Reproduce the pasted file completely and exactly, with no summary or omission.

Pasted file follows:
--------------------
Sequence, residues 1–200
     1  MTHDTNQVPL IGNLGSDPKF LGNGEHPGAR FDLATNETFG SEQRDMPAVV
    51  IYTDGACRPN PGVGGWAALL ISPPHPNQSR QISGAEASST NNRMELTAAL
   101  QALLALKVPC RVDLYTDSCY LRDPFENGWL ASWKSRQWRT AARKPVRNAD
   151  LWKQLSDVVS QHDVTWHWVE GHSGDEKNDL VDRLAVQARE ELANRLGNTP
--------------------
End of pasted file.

Sequence, residues 1–200
     1  MTHDTNQVPL IGNLGSDPKF LGNGEHPGAR FDLATNETFG SEQRDMPAVV
    51  IYTDGACRPN PGVGGWAALL ISPPHPNQSR QISGAEASST NNRMELTAAL
   101  QALLALKVPC RVDLYTDSCY LRDPFENGWL ASWKSRQWRT AARKPVRNAD
   151  LWKQLSDVVS QHDVTWHWVE GHSGDEKNDL VDRLAVQARE ELANRLGNTP